My watch list  

Eicosapentaenoic acid

Eicosapentaenoic acid
IUPAC name (5Z,8Z,11Z,14Z,17Z)-icosa-
 5,8,11,14,17-pentaenoic acid
CAS number 1553-41-9
Molecular formula C20H30O2
Molar mass 302.451 g/mol
Except where noted otherwise, data are given for
materials in their standard state
(at 25 °C, 100 kPa)

Infobox disclaimer and references

Eicosapentaenoic acid (EPA or also icosapentaenoic acid) is an omega-3 fatty acid. In physiological literature, it is given the name 20:5(n-3). It also has the trivial name timnodonic acid. In chemical structure, EPA is a carboxylic acid with a 20-carbon chain and five cis double bonds; the first double bond is located at the third carbon from the omega end.

EPA and its metabolites act in the body largely by their interactions with the metabolites of arachidonic acid; see Essential fatty acid interactions for detail.

EPA is a polyunsaturated fatty acid that acts as a precursor for prostaglandin-3 (which inhibits platelet aggregation), thromboxane-3, and leukotriene-5 groups (all eicosanoids).



It is obtained in the human diet by eating oily fish or fish oil—cod liver, herring, mackerel, salmon, menhaden and sardine. It is also found in human breast milk.

It is available from some non-animal sources—spirulina and microalgae. Microalgae are being developed as a commercial source.[1] EPA is not usually found in higher plants, but it has been reported in trace amounts in purslane.[2]

Clinical significance

The US National Institute of Health's MedlinePlus lists a large number of conditions in which EPA (alone or in concert with other ω-3 sources) is known or thought to be effective.[3] Most of these involve its ability to lower inflammation.

Among omega-3 fatty acids, in particular EPA is thought to possess beneficial potential in mental conditions, such as schizophrenia.[4] Several studies report an additional reduction in scores on symptom scales used to assess the severity of symptoms, when additional EPA is taken.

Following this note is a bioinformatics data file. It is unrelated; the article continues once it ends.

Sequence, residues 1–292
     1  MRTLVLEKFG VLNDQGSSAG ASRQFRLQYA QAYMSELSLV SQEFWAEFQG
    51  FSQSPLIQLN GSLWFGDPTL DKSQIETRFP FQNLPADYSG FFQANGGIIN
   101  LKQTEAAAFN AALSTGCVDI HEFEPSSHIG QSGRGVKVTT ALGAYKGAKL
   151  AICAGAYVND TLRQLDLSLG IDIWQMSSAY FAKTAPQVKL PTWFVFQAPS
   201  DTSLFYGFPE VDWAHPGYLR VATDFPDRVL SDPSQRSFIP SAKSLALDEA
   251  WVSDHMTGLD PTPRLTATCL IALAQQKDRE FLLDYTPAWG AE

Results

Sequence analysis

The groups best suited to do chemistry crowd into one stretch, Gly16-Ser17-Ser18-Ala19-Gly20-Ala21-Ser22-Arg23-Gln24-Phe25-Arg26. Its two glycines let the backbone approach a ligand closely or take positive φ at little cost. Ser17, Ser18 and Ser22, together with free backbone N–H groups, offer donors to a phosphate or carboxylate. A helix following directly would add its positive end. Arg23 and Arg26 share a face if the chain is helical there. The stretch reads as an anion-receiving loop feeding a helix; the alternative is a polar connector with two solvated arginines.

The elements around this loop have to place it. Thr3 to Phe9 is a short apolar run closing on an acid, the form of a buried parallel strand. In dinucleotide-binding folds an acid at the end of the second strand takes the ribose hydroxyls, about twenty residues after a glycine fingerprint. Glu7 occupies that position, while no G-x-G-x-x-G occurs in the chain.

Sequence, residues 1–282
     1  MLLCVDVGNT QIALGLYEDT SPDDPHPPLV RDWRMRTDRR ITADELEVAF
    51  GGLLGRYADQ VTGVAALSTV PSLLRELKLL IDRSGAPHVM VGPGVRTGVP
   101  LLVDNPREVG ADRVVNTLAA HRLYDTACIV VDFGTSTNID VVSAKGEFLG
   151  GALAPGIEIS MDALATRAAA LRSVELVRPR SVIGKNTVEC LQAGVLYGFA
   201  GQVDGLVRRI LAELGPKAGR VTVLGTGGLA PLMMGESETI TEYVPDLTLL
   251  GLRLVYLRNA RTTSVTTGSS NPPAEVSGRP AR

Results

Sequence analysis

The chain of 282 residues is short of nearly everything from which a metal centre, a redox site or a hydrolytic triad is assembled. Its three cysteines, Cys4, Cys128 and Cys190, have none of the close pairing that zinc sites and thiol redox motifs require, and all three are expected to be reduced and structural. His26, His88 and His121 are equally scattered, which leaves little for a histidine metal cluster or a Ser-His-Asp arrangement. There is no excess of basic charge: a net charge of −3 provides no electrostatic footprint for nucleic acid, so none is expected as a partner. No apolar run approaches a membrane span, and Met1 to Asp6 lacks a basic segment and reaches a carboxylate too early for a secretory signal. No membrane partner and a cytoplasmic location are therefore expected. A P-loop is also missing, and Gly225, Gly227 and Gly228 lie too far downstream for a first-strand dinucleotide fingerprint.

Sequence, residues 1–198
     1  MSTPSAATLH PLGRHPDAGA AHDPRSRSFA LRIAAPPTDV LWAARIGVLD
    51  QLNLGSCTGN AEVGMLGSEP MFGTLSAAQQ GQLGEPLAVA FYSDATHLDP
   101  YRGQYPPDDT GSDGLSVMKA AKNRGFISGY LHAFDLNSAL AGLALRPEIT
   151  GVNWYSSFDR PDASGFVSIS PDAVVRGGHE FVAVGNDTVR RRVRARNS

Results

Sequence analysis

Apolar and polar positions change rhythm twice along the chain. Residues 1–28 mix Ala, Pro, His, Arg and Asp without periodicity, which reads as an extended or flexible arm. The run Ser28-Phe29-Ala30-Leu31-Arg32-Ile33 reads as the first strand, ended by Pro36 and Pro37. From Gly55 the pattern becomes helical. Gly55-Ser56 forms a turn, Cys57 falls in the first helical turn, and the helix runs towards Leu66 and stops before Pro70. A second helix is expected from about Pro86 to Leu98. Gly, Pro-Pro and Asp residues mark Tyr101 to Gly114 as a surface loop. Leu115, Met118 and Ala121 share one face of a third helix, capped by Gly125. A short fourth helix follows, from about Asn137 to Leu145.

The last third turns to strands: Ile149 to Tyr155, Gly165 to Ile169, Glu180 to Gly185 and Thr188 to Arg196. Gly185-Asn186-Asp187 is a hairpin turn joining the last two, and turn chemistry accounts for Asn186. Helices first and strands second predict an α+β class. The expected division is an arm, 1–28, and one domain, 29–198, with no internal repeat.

EPA has inhibitory effect on CYP2C9 and CYP2C19 hepatic enzymes. At high dose, it may also inhibit the activity of CYP2D6 and CYP3A4, important enzymes involved in drug metabolism.[5]

See also



  1. ^ Jess Halliday (12/01/2007). Water 4 to introduce algae DHA/EPA as food ingredient. Retrieved on 2007-02-09.
  2. ^ Simopoulos, Artemis P (2002). "Omega-3 fatty acids in wild plants, nuts and seeds". Asia Pacific Journal of Clinical Nutrition 11 (s6): S163–S173. doi:10.1046/j.1440-6047.11.s.6.5.. Retrieved on 2007-02-09.
  3. ^ NIH Medline Plus. MedlinePlus Herbs and Supplements: Omega-3 fatty acids, fish oil, alpha-linolenic acid. Retrieved on February 14, 2006.
  4. ^ Peet M, Brind J, Ramchand CN, Shah S, Vankar GK (2001). "Two double-blind placebo-controlled pilot studies of eicosapentaenoic acid in the treatment of schizophrenia". Schizophr. Res. 49 (3): 243–51. PMID 11356585. Retrieved on 2007-12-21.
  5. ^ Yao HT, Chang YW, Lan SJ, Chen CT, Hsu JT, Yeh TK (2006). "The inhibitory effect of polyunsaturated fatty acids on human CYP enzymes". Life Sci. 79 (26): 2432–40. doi:10.1016/j.lfs.2006.08.016. PMID 16978661.
This article is licensed under the GNU Free Documentation License. It uses material from the Wikipedia article "Eicosapentaenoic_acid". A list of authors is available in Wikipedia.
Your browser is not current. Microsoft Internet Explorer 6.0 does not support some functions on Chemie.DE